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A group of unique college California students are trying to turn their lives around at an even more unique educational institution.
Behind the walls at one of the state’s most infamous prisons, inmates are taking classes in literature, astronomy, American government, precalculus and others to earn an Associate of Arts degree. The school, Mount Tamalpais College at San Quentin State Prison, is named for a mountain near the correctional facility.
The school became accredited in January after a 19-member commission from the Western Association of Schools and Colleges determined the extension program based at San Quentin for more than two decades was providing high-quality education.
The college is part of dozens of job-training and self-help programs available to the medium-security prison’s 3,100 inmates.
“I wish I had learned this way coming up; instead I was in special ed my whole life,” said 49-year-old Derry Brown, whose English 101 class “Cosmopolitan Fictions,” was discussing “The Reluctant Fundamentalist,” a novel by Mohsin Hamid.
The new designation will allow the school to hopefully allow it to expand and catch the attention of donors, said President Jody Lewen. Currently, it can accommodate 300 students each semester and another 200 are on a waiting list.
Doug Arwine, a high school humanities teacher, began volunteering this year and teaches English 101, which focuses on developing critical thinking skills.
He said he cherishes helping his students “share experiences and share their humanity with one another.”
“There’s also moments of success when a student realizes that they’ve crafted a really elegant paragraph in their essay, and they’ve made some interesting points. As with any student, regardless of where you are, you can see how that helps them build confidence,” Arwine said.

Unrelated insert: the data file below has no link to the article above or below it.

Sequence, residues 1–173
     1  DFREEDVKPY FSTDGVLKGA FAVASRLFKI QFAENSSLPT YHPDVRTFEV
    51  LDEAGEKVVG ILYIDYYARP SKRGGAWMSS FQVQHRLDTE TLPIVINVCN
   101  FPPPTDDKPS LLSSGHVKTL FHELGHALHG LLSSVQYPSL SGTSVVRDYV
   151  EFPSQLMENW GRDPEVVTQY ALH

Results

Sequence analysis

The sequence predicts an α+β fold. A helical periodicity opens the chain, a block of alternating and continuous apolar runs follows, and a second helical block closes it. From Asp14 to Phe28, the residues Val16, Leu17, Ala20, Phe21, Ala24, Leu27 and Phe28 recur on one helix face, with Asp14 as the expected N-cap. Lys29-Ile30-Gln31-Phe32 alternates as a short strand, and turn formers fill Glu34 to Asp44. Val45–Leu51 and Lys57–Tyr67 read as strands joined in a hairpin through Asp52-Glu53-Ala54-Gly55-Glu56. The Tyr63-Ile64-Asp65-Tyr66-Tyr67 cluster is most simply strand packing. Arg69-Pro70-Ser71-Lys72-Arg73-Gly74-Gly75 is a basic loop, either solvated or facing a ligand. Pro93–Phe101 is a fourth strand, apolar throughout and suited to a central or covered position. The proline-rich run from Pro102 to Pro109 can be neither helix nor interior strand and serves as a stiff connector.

Many of his students dropped out of school at an early age or went to dangerous public schools, he said.
Jesse Vasquez, 39, said he was serving multiple life terms for attempted murder, a drive-by shooting and assault with a deadly weapon at a maximum-security facility when he read about the program in the San Quentin News and decided he would transfer there one day.
Vasquez had taken correspondence college programs at other prisons but studying in a classroom at San Quentin helped him see his potential and he realized he was at a “hub of rehabilitation.”
He said having the students be enrolled at an actual community college will be an even greater incentive for them to pursue higher education and hopefully encourage other prisons to have their own colleges.
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“All of a sudden, more people might be more open to the idea of, ‘Hey, what if we try this revolutionary idea somewhere else?’” he said.
The Associated Press contributed to this report.